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Protecting Montana’s Blackfoot River Watershed | Take Action Tuesday @EarthFoodLife

He’d love more room to roam: A mule deer near the Webb Lake Ranger Station in Montana’s Scapegoat Wilderness. Congress designated the Scapegoat in 1972 with 240,000 acres. Now a new bill seeks to increase this and other wilderness areas in the Blackfoot River watershed. (Photo credit: U.S. Forest Service Northern Region/Flickr)

Conservation Alliance: Efforts to permanently protect the iconic Blackfoot River watershed in Montana began in 2005 when two groups who don’t traditionally see eye to eye—snowmobilers and wilderness advocates—came together to create a proposal to provide new opportunities for winter recreation and add key pieces of habitat to the existing wilderness. The Blackfoot Clearwater Stewardship Act (BCSA) is the result of this decades-long, multi-stakeholder collaboration. The bill offers something for everyone. The BCSA would designate 78,000 acres of wilderness with the expansions to the Bob Marshall, Scapegoat and Mission Mountain Wilderness Areas, and establish two new recreation areas: the 2,000-acre Otatsy Recreation Area, a popular snowmobiling area, and the Spread Mountain Recreation Area, preserving prized mountain biking access to Spread Mountain, Center Ridge and Camp Pass. Additionally, the bill will give the U.S. Forest Service more tools to actively manage forests on the Seeley Ranger District. Sustainable timber harvest is crucial to the local economy and the bill’s collaborative approach has resulted in coordination with and endorsement from Pyramid Lumber—one of the area’s largest employers.
>>>Urge Montana’s congressional leaders to pass the Blackfoot Clearwater Stewardship Act.

Change: Hunters in Alaska can now track and kill hibernating bears thanks to a U.S. House and Senate resolution rolling back Obama-era regulations against the practice passed over a year ago. President Donald Trump signed the bill into law in April, effectively rolling back Alaska’s ban on killing the vulnerable bears, along with, shockingly, wolf cubs in dens. It also allows for hunters to target the animals from helicopters. The Republican-sponsored legislation impacts 76.8 million acres of federally protected national preserves across Alaska. Something must be done to protect these innocent animals while they hibernate. They are causing no harm to anyone during these times and, in fact, have no need to ever be hunted.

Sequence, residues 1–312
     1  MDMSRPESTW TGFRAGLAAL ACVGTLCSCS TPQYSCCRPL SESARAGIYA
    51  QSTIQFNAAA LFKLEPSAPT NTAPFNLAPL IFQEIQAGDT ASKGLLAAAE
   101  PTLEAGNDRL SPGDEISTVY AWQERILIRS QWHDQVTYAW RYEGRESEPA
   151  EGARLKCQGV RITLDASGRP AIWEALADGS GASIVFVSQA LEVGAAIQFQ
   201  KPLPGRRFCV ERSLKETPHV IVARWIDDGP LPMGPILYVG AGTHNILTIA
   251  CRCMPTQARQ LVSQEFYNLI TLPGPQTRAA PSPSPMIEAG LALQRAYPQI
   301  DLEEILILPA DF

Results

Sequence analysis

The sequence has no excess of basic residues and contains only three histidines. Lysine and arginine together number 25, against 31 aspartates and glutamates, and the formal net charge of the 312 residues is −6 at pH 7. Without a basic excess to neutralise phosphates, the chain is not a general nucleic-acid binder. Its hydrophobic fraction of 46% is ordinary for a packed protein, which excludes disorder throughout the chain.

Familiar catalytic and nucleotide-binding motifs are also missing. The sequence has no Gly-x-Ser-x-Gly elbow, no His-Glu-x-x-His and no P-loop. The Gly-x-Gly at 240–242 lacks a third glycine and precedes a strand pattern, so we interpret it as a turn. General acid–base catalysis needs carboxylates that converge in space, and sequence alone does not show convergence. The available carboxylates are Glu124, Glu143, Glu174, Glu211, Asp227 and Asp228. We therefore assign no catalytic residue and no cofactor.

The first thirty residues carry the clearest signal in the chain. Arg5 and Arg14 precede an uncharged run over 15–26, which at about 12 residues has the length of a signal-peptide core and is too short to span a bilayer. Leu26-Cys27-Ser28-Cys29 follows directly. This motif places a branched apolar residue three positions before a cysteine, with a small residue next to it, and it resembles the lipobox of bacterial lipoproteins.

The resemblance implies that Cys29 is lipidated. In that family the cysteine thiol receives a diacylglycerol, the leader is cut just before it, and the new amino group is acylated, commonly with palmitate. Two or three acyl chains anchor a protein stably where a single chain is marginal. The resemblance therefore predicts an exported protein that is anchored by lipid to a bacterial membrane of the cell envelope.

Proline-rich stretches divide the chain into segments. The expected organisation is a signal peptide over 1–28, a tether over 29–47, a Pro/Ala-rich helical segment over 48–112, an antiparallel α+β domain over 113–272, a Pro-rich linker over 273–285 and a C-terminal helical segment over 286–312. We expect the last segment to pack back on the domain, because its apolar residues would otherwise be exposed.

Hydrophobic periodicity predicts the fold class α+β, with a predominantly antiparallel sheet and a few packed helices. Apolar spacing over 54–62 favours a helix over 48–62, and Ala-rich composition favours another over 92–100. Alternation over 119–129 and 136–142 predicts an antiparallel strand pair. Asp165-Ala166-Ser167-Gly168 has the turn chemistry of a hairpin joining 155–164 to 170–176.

>>>Urge Congress to protect hibernating bears from hunters.

PETA: It’s no secret that mice and rats feel pain, fear, loneliness and joy—just as humans do. These highly social animals become emotionally attached to one another, love their families, and easily bond with human guardians. Rats even express empathy when another rat or a human they know is in distress—and some will even put themselves in harm’s way rather than allowing another rat to suffer. Right now, tens of millions of mice and rats are being used in painful and ineffective experiments. Others experience excruciating deaths while stuck to deadly glue traps. In crowded breeding mills that supply small animals to big-box pet stores, they’re denied water and adequate veterinary care. These intelligent and emotional animals need more protections, and taxpayers certainly should not be paying for cruel and ineffective tests on them.
>>>Urge the National Institutes of Health to stop funding worthless sepsis experiments on mice.

Cause for concern…

Extreme living: “The past decade is almost certain to be the hottest on record, weather experts warned … painting a bleak picture of vanishing sea ice, devastating heatwaves and encroaching seas,” writes Matthew Green for Reuters, reporting on the World Meteorological Organizations annual assessment of the Earth’s climate. In addition, atmospheric scientist Michael Mann, co-author of a disturbing new report examining the climate impacts on the polar regions, said that “the dramatic warming and melting of Arctic ice is impacting the jet stream in a way that gives us more persistent and damaging weather extremes.” (Photo credit: Tim Ellis/Flickr)

Round of applause…

No joke: Actor and animal rights activist Joaquin Phoenix, an ethical vegan since the age of three, is the producer of the “The Animal People,” a new film that opens nationwide on December 10. Fifteen years in the making, the documentary tells the story of six animal advocates—targeted as terrorists by the U.S. government—seeking to expose the largest animal-testing lab in the world, and the inhumane industry trying to stop them. (Photo credit: eLENA tUBARO/Flickr)

Parting thought…

“The clearest way into the Universe is through a forest wilderness.” —John Muir